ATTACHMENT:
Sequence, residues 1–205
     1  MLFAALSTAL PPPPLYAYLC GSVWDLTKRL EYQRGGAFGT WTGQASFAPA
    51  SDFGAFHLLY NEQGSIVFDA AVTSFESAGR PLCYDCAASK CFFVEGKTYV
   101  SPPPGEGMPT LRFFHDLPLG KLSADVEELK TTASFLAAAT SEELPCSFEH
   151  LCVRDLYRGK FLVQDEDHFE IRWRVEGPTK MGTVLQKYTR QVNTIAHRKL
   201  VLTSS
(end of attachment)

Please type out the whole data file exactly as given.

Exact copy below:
Sequence, residues 1–205
     1  MLFAALSTAL PPPPLYAYLC GSVWDLTKRL EYQRGGAFGT WTGQASFAPA
    51  SDFGAFHLLY NEQGSIVFDA AVTSFESAGR PLCYDCAASK CFFVEGKTYV
   101  SPPPGEGMPT LRFFHDLPLG KLSADVEELK TTASFLAAAT SEELPCSFEH
   151  LCVRDLYRGK FLVQDEDHFE IRWRVEGPTK MGTVLQKYTR QVNTIAHRKL
   201  VLTSS